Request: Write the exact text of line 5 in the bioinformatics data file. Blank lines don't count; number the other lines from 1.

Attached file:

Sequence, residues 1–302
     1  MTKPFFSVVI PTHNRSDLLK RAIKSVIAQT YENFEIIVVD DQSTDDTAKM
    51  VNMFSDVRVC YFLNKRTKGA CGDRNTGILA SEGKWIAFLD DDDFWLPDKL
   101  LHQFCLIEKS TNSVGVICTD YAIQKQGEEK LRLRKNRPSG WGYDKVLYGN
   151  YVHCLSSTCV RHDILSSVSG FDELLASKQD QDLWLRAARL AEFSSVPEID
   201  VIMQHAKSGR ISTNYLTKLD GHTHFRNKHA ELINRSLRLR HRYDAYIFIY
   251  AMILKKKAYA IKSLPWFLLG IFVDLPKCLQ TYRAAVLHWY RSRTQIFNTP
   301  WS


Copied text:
   151  YVHCLSSTCV RHDILSSVSG FDELLASKQD QDLWLRAARL AEFSSVPEID